non-inverting (+) terminal, the output will swing negative. If the magnitude of the differential
voltage is more positive on the non-inverting (+) terminal than on the inverting (–) terminal, the
output voltage will swing positive. The infinite open loop gain of the amplifier will attempt to
force the differential input voltage to zero. As long as the inputs and output stays in the
operational range of the amplifier, it will keep the differential input voltage at zero, and the
output will be the input voltage multiplied by the gain determined by the feedback network. Note
that the output responds to differential-mode voltage and not the common-mode input voltage.

INVERTING AND NON-INVERTING CONFIGURATIONS

There are two basic ways configure the ideal voltage feedback op amp as an amplifier. These are
shown in Figure 3 and Figure 4.

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Figure 3 shows what is known as the inverting configuration. With this circuit, the output is out
of phase with the input. The signal gain of this circuit is determined by the ratio of the resistors
used and is given by:
R
G=− F Eq. 1
RG

SUMMING POINT

RG RF

G = VOUT/VIN
= - RF/RG
VIN OP AMP

VOUT

Figure 3: Inverting Mode Op Amp Stage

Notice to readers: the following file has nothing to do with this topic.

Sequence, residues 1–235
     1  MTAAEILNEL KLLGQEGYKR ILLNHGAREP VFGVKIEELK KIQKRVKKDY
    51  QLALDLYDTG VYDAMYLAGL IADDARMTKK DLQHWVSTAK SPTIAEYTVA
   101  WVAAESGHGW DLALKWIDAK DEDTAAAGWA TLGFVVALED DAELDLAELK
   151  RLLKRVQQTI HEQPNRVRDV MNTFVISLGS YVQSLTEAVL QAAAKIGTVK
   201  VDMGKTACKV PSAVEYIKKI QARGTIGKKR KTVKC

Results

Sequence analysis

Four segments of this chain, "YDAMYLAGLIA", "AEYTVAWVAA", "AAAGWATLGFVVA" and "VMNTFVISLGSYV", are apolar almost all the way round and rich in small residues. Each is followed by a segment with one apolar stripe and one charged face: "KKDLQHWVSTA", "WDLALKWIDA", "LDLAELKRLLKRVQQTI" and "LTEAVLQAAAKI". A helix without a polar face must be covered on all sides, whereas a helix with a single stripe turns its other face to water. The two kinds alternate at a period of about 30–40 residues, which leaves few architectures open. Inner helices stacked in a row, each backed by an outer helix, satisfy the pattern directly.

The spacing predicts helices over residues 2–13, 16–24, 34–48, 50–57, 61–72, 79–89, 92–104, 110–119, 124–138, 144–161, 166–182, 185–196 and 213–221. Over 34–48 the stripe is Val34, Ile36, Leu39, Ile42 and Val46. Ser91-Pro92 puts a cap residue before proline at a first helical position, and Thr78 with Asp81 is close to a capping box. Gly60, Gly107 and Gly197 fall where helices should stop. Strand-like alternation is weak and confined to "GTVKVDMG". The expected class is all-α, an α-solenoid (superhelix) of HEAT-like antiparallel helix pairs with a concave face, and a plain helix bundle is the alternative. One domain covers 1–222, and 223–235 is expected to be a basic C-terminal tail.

Figure 4 shows what is know as the non-inverting configuration. With this circuit the output is in
phase with the input. The signal gain of the circuit is also determined by the ratio of the resistors
used and is given by:
R
G = 1+ F Eq. 2
RG

OP AMP G = VOUT/VIN
= 1 + (RF/RG)

RF

VIN VOUT

RG

Figure 4: Non-Inverting Mode Op Amp Stage

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Note that since the output drives a voltage divider (the gain-setting network) the maximum
voltage available at the inverting terminal is the full output voltage, when the circuit is
configured for a minimum gain of 1 (RG = ∞).

Also note that in both inverting and non-inverting configurations the feedback is from the output
to the inverting terminal. This is negative feedback and has many advantages for the designer.
These will be discussed more in detail.

It should also be noted that the gain is based on the ratio of the resistors, not their actual values.
This means that the designer can choose from a wide range of values, within certain practical
limits.

However, if the values of the resistors are too low, a great deal of current is required from the op
amp output for proper operation. This causes excessive power dissipation in the op amp itself,
which has many disadvantages. The increased dissipation leads to self-heating of the chip, which
can cause a change in the dc characteristics of the op amp itself. Also, the heat generated can
eventually cause the junction temperature to rise above 150°C, the commonly accepted
maximum limit for most semiconductors. The junction temperature is the temperature at the